acute hospital trust
acute hospital trustThe organisational and managerial infrastructure of hospitals in the UK. Acute trusts ensure that hospitals provide high-quality healthcare, spend their money efficiently, and decide how a hospital will develop so that services improve. Acute trusts employ most of the NHS workforce, including health professionals (e.g., doctors, nurses, pharmacists, midwives and health visitors), allied health workers (e.g., physiotherapists, radiographers, podiatrists, speech and language therapists, counsellors, occupational therapists, psychologists and healthcare scientists), and non-medical support staff (e.g., receptionists, porters, cleaners, IT specialists, managers, engineers, caterers and domestic and security staff).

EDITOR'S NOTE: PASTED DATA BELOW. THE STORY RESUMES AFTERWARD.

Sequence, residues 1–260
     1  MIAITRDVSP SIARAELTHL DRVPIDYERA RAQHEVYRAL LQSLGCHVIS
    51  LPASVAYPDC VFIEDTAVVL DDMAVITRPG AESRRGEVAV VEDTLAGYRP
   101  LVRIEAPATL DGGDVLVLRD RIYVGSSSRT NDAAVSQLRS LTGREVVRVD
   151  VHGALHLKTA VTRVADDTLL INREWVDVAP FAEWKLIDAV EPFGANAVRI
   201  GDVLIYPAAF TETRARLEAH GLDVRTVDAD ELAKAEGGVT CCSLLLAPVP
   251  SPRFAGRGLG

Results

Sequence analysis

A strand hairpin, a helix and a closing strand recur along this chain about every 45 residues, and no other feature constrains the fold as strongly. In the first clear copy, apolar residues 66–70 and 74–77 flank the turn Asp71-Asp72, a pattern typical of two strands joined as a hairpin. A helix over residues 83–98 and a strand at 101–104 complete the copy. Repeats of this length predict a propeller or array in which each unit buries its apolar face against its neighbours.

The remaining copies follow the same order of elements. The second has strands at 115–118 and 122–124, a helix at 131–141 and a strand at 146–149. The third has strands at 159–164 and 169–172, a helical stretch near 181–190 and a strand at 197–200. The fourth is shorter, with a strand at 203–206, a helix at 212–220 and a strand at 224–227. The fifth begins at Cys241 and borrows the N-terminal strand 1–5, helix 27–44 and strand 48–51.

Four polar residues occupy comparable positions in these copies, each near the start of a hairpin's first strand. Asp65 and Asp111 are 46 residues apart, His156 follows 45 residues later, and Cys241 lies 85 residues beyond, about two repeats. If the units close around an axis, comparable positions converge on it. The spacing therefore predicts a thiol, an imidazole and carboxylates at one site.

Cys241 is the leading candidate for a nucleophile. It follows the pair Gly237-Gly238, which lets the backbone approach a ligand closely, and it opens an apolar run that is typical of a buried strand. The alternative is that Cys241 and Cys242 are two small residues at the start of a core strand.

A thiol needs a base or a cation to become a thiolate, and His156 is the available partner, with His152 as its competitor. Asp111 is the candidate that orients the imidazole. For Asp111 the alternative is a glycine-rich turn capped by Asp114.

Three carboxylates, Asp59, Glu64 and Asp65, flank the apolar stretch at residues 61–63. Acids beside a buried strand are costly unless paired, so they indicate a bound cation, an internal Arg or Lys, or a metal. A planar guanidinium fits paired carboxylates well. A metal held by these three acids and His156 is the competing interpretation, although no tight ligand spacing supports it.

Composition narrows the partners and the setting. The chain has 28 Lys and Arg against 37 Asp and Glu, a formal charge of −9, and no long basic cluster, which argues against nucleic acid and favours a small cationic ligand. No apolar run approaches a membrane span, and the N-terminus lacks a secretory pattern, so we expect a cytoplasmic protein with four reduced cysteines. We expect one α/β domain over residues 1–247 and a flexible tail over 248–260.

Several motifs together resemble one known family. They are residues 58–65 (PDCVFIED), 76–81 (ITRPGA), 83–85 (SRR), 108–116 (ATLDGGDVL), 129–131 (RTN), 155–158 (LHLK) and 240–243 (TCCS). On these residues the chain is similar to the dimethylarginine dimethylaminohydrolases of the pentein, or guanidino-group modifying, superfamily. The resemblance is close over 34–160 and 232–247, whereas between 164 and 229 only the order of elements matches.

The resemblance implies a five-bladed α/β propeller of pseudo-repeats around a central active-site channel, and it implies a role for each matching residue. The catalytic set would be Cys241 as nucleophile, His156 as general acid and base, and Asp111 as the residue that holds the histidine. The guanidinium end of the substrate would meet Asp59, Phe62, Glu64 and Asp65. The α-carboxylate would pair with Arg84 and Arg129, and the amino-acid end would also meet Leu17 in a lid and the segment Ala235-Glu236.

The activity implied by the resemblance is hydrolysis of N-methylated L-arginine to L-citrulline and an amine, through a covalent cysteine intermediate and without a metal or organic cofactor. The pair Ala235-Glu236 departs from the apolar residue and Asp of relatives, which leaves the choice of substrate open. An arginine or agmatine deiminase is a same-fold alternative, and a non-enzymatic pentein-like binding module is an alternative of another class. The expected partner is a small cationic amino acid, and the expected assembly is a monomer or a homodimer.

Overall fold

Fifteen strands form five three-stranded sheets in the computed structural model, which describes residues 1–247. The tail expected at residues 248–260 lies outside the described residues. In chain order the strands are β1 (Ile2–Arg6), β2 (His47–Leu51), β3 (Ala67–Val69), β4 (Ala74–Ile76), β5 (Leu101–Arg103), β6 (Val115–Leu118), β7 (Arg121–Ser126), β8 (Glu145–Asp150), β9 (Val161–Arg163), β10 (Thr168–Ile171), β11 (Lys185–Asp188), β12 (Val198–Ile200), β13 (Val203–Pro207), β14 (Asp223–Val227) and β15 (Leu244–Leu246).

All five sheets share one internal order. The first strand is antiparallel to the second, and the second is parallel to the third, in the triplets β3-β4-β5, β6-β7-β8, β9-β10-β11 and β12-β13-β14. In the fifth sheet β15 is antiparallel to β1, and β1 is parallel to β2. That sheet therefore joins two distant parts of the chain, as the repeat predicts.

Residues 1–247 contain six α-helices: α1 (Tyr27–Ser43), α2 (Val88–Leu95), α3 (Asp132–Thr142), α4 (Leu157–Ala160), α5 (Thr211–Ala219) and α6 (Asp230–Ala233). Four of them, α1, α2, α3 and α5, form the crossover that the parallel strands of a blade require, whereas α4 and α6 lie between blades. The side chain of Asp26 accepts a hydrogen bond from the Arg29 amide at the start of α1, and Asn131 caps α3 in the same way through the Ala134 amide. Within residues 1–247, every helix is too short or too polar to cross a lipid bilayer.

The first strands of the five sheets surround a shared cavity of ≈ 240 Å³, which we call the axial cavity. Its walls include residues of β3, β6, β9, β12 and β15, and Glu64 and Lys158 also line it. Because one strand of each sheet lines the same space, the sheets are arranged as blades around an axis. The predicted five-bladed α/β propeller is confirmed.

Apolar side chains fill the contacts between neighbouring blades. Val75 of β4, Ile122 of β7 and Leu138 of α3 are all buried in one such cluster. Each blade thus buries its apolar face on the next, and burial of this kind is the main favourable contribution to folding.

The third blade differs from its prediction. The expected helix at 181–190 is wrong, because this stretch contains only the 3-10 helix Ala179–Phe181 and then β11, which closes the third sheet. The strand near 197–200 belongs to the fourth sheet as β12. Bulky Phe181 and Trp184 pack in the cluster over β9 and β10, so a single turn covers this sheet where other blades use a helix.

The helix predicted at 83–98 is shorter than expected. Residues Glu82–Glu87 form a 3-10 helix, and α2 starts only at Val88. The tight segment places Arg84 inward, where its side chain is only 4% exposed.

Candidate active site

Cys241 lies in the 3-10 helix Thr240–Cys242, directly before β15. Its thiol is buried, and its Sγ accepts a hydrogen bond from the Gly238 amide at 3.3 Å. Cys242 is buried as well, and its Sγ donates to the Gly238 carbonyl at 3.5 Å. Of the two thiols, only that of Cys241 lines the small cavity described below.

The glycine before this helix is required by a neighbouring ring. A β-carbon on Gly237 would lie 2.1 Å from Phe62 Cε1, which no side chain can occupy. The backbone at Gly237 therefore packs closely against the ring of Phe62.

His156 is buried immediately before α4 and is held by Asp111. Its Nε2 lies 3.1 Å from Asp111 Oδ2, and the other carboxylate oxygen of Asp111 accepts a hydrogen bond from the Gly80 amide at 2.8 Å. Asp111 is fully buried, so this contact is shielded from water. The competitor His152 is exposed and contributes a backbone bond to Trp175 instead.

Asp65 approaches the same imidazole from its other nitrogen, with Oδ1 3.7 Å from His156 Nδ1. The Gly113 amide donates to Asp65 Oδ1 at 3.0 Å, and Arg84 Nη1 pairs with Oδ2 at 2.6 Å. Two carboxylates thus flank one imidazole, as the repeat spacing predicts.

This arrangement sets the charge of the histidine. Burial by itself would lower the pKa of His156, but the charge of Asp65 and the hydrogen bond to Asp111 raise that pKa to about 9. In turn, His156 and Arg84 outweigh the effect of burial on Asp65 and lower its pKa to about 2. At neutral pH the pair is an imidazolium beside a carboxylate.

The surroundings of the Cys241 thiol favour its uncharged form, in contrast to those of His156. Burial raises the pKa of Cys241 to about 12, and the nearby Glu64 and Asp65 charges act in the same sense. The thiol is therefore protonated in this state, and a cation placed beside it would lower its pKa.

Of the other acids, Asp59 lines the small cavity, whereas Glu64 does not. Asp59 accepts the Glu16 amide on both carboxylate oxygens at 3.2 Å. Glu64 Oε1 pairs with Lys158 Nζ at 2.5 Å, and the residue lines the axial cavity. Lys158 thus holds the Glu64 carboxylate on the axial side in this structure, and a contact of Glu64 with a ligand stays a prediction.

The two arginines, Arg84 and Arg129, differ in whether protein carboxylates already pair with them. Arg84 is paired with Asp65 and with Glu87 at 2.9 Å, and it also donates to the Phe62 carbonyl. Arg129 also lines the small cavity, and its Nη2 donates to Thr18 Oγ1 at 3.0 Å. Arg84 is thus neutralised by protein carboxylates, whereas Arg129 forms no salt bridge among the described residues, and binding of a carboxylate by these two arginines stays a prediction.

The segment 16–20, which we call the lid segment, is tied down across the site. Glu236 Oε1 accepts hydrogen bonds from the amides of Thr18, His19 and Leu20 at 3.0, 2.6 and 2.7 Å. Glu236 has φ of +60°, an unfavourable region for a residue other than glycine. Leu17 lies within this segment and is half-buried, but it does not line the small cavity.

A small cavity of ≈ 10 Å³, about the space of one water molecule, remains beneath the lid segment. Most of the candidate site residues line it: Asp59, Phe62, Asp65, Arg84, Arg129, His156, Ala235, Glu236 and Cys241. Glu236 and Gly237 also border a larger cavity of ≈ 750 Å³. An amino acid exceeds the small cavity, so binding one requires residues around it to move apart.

Some acute trusts are regional or national centres for more specialised care. Others are attached to universities and help to train health professionals. Acute trusts may also provide services in the community—e.g., through health centres, clinics or in people's homes. Some acute trusts are regional centres for more specialised health services (e.g., cancer, severe burns, or spinal injuries). Others include teaching hospitals.